“Reshaping the Light” by Breda Joyce

Autumn is the season that embraces reflection:  thoughtful persons give thanks for their harvest even as they mourn the  [human] losses that befell them during the time past. In the poems she reads for Trasna, works from her newly published collection Reshaping the Light, Irish writer Breda Joyce voices the depth and wisdom of her autumnal vision.  She speaks lovingly of the sorrow that often goes unknown: in “Lucia” the loss of the daughter who died “without having taken one breath”; and she acknowledges the pain of the mother whose hospitalized son is isolated. She touchingly relives her experience of the shell-shocked veteran whose hold on the world was marginal. In an insightful view, she describes the funeral of her father whose “polished shoes” led his procession out of the church. (J. Judge)


“Lucia” as read by Breda Joyce


When clocks go back, I think of you where darkness sits,

where apples quickly rot and are ripe with death

and fall on barren land in a silent earth.

Your name’s before me when the candle’s lit.


I never imagined someone so small, so intimate,

would bleed out without having taken one breath.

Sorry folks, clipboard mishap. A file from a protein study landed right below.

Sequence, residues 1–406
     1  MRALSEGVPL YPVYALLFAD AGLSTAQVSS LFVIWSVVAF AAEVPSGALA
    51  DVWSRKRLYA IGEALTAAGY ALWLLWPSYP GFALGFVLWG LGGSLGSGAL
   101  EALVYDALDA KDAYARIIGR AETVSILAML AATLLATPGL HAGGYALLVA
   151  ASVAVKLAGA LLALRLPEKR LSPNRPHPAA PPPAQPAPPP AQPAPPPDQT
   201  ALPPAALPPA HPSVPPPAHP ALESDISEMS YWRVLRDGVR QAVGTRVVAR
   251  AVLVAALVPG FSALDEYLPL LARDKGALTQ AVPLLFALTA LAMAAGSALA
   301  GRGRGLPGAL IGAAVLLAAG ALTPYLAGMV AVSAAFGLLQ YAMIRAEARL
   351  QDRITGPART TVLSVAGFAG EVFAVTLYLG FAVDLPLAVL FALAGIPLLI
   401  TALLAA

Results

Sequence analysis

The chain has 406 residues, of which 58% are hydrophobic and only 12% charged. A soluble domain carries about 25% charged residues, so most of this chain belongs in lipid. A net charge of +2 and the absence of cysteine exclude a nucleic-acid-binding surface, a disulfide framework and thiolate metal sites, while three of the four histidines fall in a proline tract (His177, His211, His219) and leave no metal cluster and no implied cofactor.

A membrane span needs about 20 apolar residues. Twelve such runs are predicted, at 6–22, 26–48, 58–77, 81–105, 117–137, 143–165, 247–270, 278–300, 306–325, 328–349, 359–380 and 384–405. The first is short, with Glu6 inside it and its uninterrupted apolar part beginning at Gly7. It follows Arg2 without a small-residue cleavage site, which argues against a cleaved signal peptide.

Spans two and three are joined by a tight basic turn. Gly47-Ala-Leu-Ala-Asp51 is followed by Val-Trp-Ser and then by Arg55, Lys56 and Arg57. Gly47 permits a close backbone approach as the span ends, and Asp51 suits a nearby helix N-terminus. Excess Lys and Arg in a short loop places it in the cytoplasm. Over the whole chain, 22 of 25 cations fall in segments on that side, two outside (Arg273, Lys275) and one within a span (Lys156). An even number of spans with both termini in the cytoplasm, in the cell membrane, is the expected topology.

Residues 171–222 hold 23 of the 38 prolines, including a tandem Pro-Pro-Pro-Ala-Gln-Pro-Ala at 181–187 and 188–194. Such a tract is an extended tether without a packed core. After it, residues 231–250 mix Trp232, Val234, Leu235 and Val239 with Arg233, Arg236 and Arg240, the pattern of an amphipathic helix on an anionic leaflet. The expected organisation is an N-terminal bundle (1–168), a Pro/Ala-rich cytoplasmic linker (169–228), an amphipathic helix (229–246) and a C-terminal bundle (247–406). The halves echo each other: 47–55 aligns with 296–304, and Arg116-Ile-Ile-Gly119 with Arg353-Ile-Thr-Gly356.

I was Demeter pleading with Hades to rebirth

the dreams I had for you in your Moses basket.


In November along the gable wall colour crawls

and tendrils weave a tapestry of tangerine.

You glide, and fallen leaves become your wings.


We planted a tree to remember you that Fall,

named it Liquidambar. It would grow in the spaces between

your sisters, measuring their years in the circles of your rings.



“Visiting Rights” as read by Breda Joyce


Visiting Rites

for my mother

I saw the tears in her eyes when she asked the nurse

about her little boy and I squeezed my mother’s fingers

in the ward with the bad smell.


My brother stood red cheeked and crying in the corner,

hands raised above the gate of his cot.

My mother took an orange from a brown paper bag,


held its coolness against his raging cheek,

then peeled the hissing skin and sprayed

the air with a citrus mist.


She offered him a segment and my brother

squeezed its sweetness between his tiny teeth.

When visiting time was up, my mother unclasped


sticky arms from around her neck, laid down

her little boy among the oranges and from his cot

he threw each one out between the bars.


Now it is my mother who stands in isolation inside a gate,

and from her doorstep looks out across a vacant space.

My brother leans across to place a bag of oranges

on the other side.



“The Major” as read by Breda Joyce


The Major

Major Livingston, his name,

a man who battled demons from the trenches

of our small western town. As children

we fell in behind him, foot soldiers

who sniggered at his muttered commands.


The Major searched the sky for shrapnel,

right hand raised to shield his eyes

against what might come.

We imitated his salute and stalked him

along razor wired ditches to the Demesne.


Here he gave orders to prepare,

to be ready to breach enemy lines.